Cleantech stocks outperform ASX main indices, capping off stellar three years
The Australian CleanTech Index has significantly outperformed the wider market for the full 2015-16 financial year, a new report has shown, capping off a “stellar three years” with returns of nearly 70 per cent for investors that have held the course.

The Paperless Office 101: Making a Seamless Conversion to Digital
One of the biggest trends in business for years has been the paperless office… It becomes less about green practices and more about change management, which helps the members of organizations transition and transform. After all, for an organization and its members who have long held tightly to their file folders, going paperless, even partially, is a transformation. Even government entities are doing it, so here’s how to make the conversion more seamless.

Waste and the Circular Economy

UK expedition explores potential and risks of deep sea gold rush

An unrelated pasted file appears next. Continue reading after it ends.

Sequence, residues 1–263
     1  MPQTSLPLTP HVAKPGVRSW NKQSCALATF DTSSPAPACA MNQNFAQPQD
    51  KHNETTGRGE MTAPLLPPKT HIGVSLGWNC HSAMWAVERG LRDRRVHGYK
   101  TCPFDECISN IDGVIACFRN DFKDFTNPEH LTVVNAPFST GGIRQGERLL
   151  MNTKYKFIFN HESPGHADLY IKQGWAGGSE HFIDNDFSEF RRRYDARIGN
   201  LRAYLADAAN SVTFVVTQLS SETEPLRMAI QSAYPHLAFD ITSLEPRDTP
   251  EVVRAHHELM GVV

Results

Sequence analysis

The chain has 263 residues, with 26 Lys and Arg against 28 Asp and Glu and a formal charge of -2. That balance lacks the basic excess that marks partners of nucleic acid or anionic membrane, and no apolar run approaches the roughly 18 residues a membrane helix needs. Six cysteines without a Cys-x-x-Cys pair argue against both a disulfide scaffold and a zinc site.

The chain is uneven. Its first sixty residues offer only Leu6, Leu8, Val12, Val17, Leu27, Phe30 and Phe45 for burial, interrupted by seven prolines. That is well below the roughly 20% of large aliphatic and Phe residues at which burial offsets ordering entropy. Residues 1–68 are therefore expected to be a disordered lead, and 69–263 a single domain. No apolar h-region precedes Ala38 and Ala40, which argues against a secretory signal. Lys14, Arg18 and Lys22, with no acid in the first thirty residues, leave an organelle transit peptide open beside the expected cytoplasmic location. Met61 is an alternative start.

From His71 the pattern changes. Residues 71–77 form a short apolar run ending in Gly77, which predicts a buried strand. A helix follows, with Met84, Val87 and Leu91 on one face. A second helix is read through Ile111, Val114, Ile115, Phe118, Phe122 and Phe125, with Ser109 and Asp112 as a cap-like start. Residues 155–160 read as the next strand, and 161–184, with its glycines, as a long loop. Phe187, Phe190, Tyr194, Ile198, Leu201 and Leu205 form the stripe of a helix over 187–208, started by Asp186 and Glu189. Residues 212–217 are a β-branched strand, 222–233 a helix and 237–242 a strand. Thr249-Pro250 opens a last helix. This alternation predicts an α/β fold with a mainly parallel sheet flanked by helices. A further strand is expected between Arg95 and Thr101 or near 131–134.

A scientific expedition has been launched from the UK to explore the mining of rich metal deposits on the deep ocean floor, which are the focus of a new gold rush around the world. The UK research vessel, the RSS James Cook, left Southampton on Thursday, heading for the underwater ridge in the middle of the Atlantic where volcanic activity drives hot springs, also known as black smokers. “They have left these incredibly metal-rich deposits as mounds on the sea bed, about the size of a big football stadium,” said Bramley Murton, from the UK’s National Oceanography Centre, who is leading the expedition. “The aim is see whether they are a viable source of essential metals in the future, both in terms of economics and environmental sustainability.”
[Ed: This highlights the pressing need to improve the recovery of these rare earths and precious metals from our technological devices at the end of their life.  Research in your area for facilities who will take and recycle e-waste.  We shouldn’t need to be exploring pristine environments and ecosystems with a view to exploitation while we have such a large resource already in circulation.]